Photo from Unsplash.com

February is National Cat Health Month, so we wanted to discuss something vital to your cat’s health – their litter box! While it may not be the most glamorous topic, keeping an eye on your cat’s litter box habits can help you manage their overall health and wellness.

Healthy Habits

Bowel Movements

Your cat’s digestive habits can be a good indicator of their overall health. Typically we try to spend as little time as possible taking care of our cats’ deposits, but taking a quick glance at their poop as you clean it can help you gauge their proper food intake and watch for potential illness.

Most cats have a bowel movement once per day, although that can depend on their age, activity levels, diet, and frequency of feeding.  Their poop should be brown in color and well formed but not too hard. Your cat’s poop should also not be too stinky. Some odor is normal, but if you have to hold your nose to get close to the box that may be an indication of a problem.

Emergencyvetsusa.com has a great chart (shown below) for understanding cat’s bowel movements as well as more detailed information about what could be the problem if your cat’s poop is not normal. Fetch by WedMD also has a helpful chart for clarifying what your cat’s poop may be telling you about their health.

Cat Poop Chart - What Does Your Cats Poop Look Like

In general, your cat’s poop should be unvarying in color, consistency, and frequency. If your pet’s diet has not changed, their poop should not change, so if you notice a difference in color, consistency, or frequency you may want to contact your veterinarian.

Urinary Health

Your cat’s urinary habits are also important to track. Much like with bowel movements, the color, consistency, and frequency of your cat’s urinations can tell you about their health. While it might be difficult to tell with most types of litter, according to the PetHealthNetwork.com urine should be light yellow or clear without any cloudiness or debris. Most cats typically pee a plum sized amount about 2-4 times per day, but that’s just an average and can vary based on your cat’s diet, water intake, and medical conditions.

If your cat’s urine is pink, red, or brown, if your cat is suddenly urinating more volume or more often, or if your cat is urinating outside of the litter box, this could be an indication of a problem and you should contact your veterinarian. Also, if your cat’s urine has a strong odor, this may be an indication of an illness or underlying condition that should be discussed with your veterinarian.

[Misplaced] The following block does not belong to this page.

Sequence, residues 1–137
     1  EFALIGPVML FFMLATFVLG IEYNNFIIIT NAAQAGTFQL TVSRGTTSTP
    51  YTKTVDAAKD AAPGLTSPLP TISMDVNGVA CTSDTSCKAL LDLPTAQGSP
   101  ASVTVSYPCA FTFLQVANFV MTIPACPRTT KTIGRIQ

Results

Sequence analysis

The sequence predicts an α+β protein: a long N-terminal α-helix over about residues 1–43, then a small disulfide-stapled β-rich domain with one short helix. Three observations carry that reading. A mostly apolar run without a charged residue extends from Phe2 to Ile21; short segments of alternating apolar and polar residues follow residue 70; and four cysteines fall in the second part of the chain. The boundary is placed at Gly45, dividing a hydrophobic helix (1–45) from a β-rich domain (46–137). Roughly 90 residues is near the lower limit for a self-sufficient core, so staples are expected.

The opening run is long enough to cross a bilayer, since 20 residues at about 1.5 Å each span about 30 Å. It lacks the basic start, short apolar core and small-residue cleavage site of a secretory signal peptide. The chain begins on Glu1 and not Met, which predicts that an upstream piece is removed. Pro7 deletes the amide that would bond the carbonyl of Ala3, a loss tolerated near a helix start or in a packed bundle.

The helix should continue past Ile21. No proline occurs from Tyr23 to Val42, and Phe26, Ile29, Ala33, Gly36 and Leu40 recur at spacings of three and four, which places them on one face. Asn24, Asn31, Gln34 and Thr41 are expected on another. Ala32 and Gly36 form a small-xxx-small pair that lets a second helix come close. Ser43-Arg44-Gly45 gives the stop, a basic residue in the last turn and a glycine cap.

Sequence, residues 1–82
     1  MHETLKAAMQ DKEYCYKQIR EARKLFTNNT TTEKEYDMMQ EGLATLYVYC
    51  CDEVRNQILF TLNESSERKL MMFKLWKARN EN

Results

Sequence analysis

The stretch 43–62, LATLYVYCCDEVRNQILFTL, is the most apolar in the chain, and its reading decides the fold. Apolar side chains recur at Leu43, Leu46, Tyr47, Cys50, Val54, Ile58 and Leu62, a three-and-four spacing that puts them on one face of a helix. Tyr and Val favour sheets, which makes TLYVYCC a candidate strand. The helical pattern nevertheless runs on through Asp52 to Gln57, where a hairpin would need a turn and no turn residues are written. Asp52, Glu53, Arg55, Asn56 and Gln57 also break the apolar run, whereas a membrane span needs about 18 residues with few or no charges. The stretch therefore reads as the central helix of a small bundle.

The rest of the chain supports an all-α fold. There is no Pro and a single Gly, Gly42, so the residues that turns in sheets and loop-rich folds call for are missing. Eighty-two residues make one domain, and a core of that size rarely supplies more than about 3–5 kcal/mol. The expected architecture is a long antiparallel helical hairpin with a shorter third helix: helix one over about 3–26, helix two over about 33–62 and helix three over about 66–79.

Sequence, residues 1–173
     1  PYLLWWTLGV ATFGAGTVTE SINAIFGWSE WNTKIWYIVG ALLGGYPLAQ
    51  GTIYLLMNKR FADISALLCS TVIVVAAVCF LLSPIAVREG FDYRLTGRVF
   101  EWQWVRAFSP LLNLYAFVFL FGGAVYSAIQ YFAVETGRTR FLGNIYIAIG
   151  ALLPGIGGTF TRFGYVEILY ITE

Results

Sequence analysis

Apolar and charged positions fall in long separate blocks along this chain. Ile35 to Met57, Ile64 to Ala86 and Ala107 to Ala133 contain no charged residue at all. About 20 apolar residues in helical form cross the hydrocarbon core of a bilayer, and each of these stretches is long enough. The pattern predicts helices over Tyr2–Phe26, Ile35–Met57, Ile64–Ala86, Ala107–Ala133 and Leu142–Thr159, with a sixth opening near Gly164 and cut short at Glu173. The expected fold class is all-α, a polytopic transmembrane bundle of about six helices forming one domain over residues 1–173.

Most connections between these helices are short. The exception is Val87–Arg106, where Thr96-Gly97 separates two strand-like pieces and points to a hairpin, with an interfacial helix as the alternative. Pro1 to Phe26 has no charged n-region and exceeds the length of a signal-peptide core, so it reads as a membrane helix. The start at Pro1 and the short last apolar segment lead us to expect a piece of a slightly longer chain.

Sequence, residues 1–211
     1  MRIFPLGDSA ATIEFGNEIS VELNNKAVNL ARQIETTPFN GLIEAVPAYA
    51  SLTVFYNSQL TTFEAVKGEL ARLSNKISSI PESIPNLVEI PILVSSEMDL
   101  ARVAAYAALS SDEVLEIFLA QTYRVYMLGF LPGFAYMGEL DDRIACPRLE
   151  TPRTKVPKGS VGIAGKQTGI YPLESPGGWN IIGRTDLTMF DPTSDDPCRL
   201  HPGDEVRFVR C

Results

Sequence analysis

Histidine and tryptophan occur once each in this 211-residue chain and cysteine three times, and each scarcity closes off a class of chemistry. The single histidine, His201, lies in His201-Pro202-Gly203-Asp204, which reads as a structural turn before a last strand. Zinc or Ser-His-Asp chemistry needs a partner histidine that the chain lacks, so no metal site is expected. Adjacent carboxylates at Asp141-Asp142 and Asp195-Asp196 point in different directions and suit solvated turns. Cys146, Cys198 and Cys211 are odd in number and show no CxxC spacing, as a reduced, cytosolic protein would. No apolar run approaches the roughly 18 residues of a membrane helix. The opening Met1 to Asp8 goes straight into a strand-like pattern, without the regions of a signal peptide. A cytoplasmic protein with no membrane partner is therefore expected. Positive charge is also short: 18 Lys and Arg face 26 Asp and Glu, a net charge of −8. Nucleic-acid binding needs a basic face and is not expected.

If your cat is ever straining to urinate, this is an indication of a serious, potentially fatal problem and your cat should go to the emergency veterinarian immediately.

Bonus Tip

A litter company called Pretty Litter has created a new silica based litter that can help you track your cat’s health. When your cat urinates, the litter changes color depending on the contents of the urine. If your cat’s urine is within normal ranges the litter will be a yellow/green. If the litter is blue, orange, or red, that could indicate a deviation from normal urine and a potential issue with your cat’s health.

Why a Clean Litter Box is Essential

Be sure to clean your cat’s litter box daily. Your cat likely does not want to use a dirty litter box (who would!?), so keeping it clean can help ensure that your cat uses their box regularly. Cats are fastidious creatures, so if their litter box is dirty they are much more likely to find an alternate location to eliminate more comfortably. If your cat continues to use their litter box when it’s dirty, they may try to do so less frequently per day, which can increase the risk of several medical problems. Daily cleanings also makes it easier for you to track the frequency of your cat’s deposits to know what is or isn’t normal for them.

A dirty litter box can potentially make you and your human family sick. Many of us have heard about toxoplasmosis being dangerous to pregnant women, but there are a host of other illnesses that humans can get if their cat’s litter box is not kept clean. This means not only scooping it daily, but fully scrubbing the box and replenishing the litter at least several times per year.

If your cat is having trouble using the litter box for either urination or bowel movements, there may be an underlying medical, behavioral, or environmental issue. Speak with your veterinarian or a behavior consultant to help ensure that your cat has all he or she needs to comfortably and safely use their litter box.